Breaking Point
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Breaking Point

3.78 of 5 stars 3.78  ·  rating details  ·  384 ratings  ·  43 reviews
Lady, Beware!

Every Sunday afternoon James Fenton and his wife took their usual walk-every Sunday afternoon.The pattern never changed.

Then Fenton reached his breaking point.

The idea of escape had never occurred to him before. But suddenly something clicked in his brain.

"Now, at this minute, "he thought, "one gesture of mine might change someone's future. Theft, fire, fac...more
Paperback, 319 pages
Published December 1st 1984 by Avon Books (first published 1959)
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"There comes a moment in the life of every individual when reality must be faced. When this happens, it is as though a link between emotion and reason is stretched to the limit of endurance, and sometimes snaps." -- from the author's note introducing the collection

Eight stories comprise this work, written at a period in her life when Daphne du Maurier, exhausted beyond endurance, waited for that snap. du Maurier came to speak of this collection as a curative, saying that writing these had been a...more
Aug 30, 2013 Lobstergirl rated it 3 of 5 stars  ·  review of another edition
Recommends it for: Hassan Rouhani
Shelves: fiction

I'm not a short story "person," so caveat lector. I don't want to be like those music critics who hate Liszt, and review a concert where someone plays all Liszt and can't find a single good thing to say. (There are such people.)

Du Maurier's stories in this collection, some of them, reminded me of Roald Dahl or Patricia Highsmith. The Alibi was Dahlesque. A man named James Fenton is suddenly sick of his wife and his staid family life, of cocktail hour with the neighbors, and he resolves to go kno...more
I found this collection more of a mixed bag than the two volumes of du Maurier short stories I've previously read (Don't Look Now & Other Stories and The Birds & Other Stories). The eight stories can roughly be divided into: four very good, one okay (if strange), and three I disliked. Still, a couple of them were among my favourites from all three books. I still have The Doll: Short Stories to read, but I think I might give these a rest for now and come back to that book when the others...more
I bought this book at a used book store. The only reason I bought it was because I had foolishly walked into a shop with only two dollars in my hand. I did my rounds in the shop, looked at the "used" prices etched in pencil, and realized that the only thing I could afford was a musty, dogeared copy of this book, circa 1959.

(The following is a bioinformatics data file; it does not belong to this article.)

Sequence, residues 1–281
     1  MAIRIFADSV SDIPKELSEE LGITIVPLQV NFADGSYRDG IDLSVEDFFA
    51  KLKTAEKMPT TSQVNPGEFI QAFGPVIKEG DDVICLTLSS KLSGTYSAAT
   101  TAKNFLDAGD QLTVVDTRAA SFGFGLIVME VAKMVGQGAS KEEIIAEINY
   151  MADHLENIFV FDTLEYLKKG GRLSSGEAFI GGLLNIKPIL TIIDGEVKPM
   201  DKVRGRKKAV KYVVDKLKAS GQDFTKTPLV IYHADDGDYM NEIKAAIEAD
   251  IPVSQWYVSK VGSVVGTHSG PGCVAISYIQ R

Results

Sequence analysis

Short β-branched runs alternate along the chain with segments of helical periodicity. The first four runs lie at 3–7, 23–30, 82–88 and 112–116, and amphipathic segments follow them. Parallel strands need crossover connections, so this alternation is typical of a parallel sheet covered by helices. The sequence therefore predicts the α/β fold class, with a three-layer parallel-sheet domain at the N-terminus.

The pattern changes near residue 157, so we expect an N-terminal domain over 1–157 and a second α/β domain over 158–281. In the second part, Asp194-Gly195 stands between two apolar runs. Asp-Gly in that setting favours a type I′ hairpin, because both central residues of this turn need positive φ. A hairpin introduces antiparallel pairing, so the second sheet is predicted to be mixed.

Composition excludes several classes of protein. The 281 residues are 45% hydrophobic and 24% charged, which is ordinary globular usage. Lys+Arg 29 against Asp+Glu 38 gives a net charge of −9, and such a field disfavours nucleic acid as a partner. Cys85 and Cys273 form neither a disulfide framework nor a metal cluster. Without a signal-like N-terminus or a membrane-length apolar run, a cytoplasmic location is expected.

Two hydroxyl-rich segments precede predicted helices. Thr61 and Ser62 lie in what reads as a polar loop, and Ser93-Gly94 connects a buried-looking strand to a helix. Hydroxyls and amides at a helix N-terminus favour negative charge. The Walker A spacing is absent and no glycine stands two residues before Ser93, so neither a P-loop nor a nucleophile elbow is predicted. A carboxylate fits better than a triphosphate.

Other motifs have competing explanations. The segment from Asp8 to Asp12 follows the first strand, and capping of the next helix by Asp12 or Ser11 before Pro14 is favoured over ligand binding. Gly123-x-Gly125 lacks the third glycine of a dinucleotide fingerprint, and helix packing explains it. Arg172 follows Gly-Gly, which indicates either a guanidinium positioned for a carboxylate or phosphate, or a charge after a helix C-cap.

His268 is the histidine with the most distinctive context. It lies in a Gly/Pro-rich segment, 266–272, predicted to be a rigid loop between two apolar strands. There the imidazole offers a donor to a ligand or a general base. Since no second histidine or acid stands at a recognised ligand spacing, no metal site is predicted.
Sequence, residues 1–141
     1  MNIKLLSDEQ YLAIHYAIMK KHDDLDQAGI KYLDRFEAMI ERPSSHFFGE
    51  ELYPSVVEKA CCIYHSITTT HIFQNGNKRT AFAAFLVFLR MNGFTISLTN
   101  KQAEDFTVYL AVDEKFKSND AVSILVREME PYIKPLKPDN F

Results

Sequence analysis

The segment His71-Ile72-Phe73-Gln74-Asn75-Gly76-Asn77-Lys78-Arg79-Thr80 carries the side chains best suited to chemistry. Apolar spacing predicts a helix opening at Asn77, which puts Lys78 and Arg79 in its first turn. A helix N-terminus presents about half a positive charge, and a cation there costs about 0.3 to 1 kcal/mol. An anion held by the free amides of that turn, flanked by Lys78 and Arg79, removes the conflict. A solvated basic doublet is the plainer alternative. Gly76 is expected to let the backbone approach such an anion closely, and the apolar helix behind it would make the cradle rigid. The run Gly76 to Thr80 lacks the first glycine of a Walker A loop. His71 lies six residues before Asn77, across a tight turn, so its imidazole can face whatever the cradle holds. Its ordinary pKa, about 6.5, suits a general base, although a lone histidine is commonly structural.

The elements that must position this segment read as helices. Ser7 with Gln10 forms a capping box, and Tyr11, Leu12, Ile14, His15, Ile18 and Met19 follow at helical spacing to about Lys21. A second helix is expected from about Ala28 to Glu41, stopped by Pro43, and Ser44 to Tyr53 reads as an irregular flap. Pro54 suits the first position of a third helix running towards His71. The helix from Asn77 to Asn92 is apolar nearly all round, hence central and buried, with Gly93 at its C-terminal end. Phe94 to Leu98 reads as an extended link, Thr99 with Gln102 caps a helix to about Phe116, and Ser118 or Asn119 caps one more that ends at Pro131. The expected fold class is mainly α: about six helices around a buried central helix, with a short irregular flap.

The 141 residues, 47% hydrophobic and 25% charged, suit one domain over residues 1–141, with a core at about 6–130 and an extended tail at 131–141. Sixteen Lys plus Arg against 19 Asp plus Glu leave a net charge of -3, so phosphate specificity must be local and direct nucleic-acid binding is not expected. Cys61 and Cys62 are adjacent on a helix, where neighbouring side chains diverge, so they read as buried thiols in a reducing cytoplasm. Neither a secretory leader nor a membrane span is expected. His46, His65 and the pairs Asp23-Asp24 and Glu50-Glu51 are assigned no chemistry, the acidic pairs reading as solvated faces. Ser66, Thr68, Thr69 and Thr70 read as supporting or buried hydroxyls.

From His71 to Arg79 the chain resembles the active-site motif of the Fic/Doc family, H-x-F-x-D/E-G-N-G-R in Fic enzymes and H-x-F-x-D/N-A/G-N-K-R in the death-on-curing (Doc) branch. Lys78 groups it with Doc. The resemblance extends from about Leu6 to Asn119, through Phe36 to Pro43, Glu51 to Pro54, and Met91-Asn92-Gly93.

The old woman (gray hair, scrunchie, knitting, et al.) beamed at me from the register. "Oh, have you read much Du Maurier at?" she asked.

"Only Rebecca, I couldn't put it dow...more
This is a chaotic little bunch of stories, my favorite was "The Alibi." I also loved the atmosphere of "The Pool" and the sad humor of "The Archduchess." Only one story in the bunch, "Ganymede," came off as obvious and dull.
This is a really bizarre collection of short stories, exploring and blurring the lines between health and sickness, sanity and madness. 'The Alibi' and 'The Pool' each deserve five stars. The Pool in particular, is phenomenally beautiful if nothing else. Two out of eight of the stories collected here though - The Archduchess and The Menace - I couldn't find anything particularly good about. Perhaps I'm missing something in them, but for me they somwehat ruined what was otherwise a really gorgeou...more
Linda Jacobs
This collection of short stories is riveting. Clearly in the author's haunting style. The characters are all wonderful.
قهرمان داستان خود را یک گوزن میبیند، که از جنگیدن خسته شده، انگار نویسنده به یاد قهرمان مسخ کافکا افتاده که عنکبوت بود
Sono racconti notevoli, alcuni più memorabili di altri. Con Daphne è così: anche se può sfuggirti il senso di un racconto, c'è sempre il piacere intrinseco della lettura, la scrittura efficace, la caratterizzazione superba dei personaggi qualunque sia il punto di vista scelto e quell'atmosfera ambigua che mette sempre curiosità.
Questa raccolta più delle altre mi ha fatto pensare a quanti posti e quante persone l'autrice abbia visto e conosciuto: si passa dal centro di Londra alla brughiera, dall...more
Jose Moch
I've found that in her books of short stories "Kiss me again Stranger" and "The Breaking Point" DdM characters crave to satisfy some earthy desire and suddenly this desire or wish is granted and later on they don't know how to untangle themselves from it. They don't foresee its consequences.
The dilemma is that these characters lead very humdrum lives. Suddenly they have the opportunity to have an adventure of some sort that hopefully will bring some relief from tediousness. They may have selfish...more
The two best stories in this collection are the first two, "The Alibi" and "The Blue Lenses." In "The Alibi," a man breaks out of the mundanity of his middle-class life to become an artist of murder but finds himself trapped in a different kind of fantasy. A woman enters a private hospital for an eye operation in "The Blue Lenses"; after weeks of darkness, the bandages are removed and special lenses put in, which she will wear until her healing is complete. The doctors tell her that her vision s...more
I'm a big fan of short stories and this one didn't disappoint. I had only read du Maurier's 'Rebecca' many many years ago and enjoyed it. This collection is imbued with a similar dark vein, which always works for me.

The fact that these stories also reflect, at some level, her mental state - on the edge of the abyss - makes them even more compelling.

Like all collections, we find some that impress and some that irk. Even the best of the bunch are not all highly polished nuggets, but I felt tha...more
Ευθυμία Δεσποτάκη